New article out in latest issue of A Peer Reviewed Journal About. The journal takes up the concept of post-digital, a sub-theme of this year’s Transmediale call, and is the result of a workshop hosted by Aarhus University where a group of us (mostly PhD researchers and practitioners with an interest in media arts) converged to discuss what exactly post-digital might constitute. The resultant articles include all manner of takes on this, with Florian Cramer’s “What is post-digital?” being a logical starting point for anyone interested in the concept. My own take on it all was less interested in what might count as post-digital and more invested in exploring possible symptoms that could be seen as giving rise to the very notion of post-digital. The article also ended up moving very much in the direction of the main Transmediale theme of afterglow, exploring the nature of moments of transition, such as one between digital/post-digital.
Even in its final form the essay is fairly fast and loose, reflecting both its strange beginnings as a riffing on a Walter Benjamin quote and some Kool Keith lyrics and the fact that the material referred to was all new and outside of what I’ve been looking at in dissertation writing to date. Despite that, the experience of the workshop and the Transmediale festival itself proved interesting in different ways and much of this will now be folded into and expanded upon further in the diss (for instance, the choice quote by Talan Memmott in the first draft and discussion of Takeshi Murata’s video for Oneohtrix Point Never’s “Problem Areas” were eventually excluded in this final version, but these will be returning for the diss). Also, in a recent discussion thread dealing with post-digital on the Emypre mailing list, Micha Cárdenas raised the important question of what the overt political potential or dangers in a narrowly conceived notion of the post-digital might be. In placing this work back into some of the more overtly political stuff of the diss hopefully some of these political potentials will become more readily transparent. Of the many images of dusk that come to mind, Derek Walcott’s “Frederiksted, Dusk” remains one of the more potent and relevant in such a context (“Sunset, the cheapest of all picture-shows…”).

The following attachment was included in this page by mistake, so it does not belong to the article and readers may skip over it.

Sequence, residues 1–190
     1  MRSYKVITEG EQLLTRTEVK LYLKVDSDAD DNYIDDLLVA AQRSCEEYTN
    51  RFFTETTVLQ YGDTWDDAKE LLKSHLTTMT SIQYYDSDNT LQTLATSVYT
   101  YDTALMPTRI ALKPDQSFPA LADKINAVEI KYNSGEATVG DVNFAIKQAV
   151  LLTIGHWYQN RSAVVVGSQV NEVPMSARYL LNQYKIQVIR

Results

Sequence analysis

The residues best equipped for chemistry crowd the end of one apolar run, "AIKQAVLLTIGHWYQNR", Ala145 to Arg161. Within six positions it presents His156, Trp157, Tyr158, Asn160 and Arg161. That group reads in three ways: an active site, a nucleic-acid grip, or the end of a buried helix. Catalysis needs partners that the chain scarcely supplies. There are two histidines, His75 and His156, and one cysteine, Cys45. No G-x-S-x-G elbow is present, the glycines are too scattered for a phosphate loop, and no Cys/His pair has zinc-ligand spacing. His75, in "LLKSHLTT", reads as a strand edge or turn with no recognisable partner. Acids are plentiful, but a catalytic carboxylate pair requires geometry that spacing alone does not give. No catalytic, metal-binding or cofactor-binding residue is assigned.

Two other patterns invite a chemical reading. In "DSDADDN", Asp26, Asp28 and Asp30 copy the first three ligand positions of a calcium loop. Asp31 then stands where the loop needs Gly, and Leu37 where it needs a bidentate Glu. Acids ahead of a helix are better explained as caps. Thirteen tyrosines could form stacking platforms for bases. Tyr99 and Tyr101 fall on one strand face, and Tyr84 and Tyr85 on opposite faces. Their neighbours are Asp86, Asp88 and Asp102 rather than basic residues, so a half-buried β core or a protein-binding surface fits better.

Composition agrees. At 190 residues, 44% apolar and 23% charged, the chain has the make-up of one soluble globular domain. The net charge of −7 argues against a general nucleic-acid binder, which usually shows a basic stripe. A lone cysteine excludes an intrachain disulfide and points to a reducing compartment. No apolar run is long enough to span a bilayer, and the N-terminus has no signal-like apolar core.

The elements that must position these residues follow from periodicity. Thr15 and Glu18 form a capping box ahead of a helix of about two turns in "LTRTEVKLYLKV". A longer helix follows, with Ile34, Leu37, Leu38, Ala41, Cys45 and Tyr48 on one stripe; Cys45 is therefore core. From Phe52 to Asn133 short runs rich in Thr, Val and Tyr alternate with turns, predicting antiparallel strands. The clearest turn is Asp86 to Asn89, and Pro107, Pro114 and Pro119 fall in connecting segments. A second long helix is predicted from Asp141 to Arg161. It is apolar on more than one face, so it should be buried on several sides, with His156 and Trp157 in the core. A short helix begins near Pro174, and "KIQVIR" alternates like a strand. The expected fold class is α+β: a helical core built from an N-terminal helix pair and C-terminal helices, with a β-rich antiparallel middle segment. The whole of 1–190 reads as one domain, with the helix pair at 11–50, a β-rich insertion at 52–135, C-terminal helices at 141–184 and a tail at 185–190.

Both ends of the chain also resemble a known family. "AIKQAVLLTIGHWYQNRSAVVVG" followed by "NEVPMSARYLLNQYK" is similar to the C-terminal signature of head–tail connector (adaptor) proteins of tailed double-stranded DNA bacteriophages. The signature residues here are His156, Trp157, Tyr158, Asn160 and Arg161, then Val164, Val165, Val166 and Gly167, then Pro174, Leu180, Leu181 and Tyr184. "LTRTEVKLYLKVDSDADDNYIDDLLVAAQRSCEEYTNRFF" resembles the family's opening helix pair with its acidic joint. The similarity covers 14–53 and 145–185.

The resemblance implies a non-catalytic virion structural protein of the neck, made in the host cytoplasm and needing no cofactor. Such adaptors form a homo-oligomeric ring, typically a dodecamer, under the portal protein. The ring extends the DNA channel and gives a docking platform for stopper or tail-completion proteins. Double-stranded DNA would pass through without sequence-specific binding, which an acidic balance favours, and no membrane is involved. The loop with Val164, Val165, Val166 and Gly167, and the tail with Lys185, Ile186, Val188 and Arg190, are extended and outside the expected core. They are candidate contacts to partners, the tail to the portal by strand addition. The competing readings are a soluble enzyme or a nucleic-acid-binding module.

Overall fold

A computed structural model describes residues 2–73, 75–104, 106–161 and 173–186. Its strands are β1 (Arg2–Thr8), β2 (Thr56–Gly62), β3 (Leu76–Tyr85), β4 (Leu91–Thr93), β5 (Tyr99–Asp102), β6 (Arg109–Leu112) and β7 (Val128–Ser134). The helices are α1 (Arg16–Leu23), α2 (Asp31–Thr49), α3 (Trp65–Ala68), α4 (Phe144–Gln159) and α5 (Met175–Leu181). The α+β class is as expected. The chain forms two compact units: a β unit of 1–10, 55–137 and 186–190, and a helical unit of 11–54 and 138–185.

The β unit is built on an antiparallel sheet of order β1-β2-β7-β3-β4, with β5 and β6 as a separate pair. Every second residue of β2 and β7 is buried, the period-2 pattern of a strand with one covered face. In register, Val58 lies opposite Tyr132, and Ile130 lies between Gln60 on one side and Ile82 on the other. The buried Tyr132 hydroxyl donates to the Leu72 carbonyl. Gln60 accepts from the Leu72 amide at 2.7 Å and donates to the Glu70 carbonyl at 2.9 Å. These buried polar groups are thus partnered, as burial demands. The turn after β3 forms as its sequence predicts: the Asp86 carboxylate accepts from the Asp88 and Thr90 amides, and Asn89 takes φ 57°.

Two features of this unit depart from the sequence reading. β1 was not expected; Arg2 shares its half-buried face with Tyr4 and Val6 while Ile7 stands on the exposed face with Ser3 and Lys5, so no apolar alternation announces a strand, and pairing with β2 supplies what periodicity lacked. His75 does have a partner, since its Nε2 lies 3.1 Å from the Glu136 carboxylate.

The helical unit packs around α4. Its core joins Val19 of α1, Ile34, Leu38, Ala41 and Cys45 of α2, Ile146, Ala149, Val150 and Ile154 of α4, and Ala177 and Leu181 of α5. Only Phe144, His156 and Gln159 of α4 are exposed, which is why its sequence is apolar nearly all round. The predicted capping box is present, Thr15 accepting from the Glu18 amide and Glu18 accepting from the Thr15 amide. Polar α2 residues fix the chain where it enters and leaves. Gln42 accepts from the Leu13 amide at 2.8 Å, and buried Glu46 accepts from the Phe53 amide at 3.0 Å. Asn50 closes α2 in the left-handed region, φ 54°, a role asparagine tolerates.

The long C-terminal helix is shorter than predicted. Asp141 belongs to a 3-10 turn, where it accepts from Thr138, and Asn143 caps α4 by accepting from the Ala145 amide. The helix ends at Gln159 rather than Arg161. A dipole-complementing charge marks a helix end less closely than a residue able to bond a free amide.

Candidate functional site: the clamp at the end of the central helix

Finally, here is a little “post-exterminator” generator put together (with a coding assist by Memmott) for running in the background during my initial presentation at the workshop.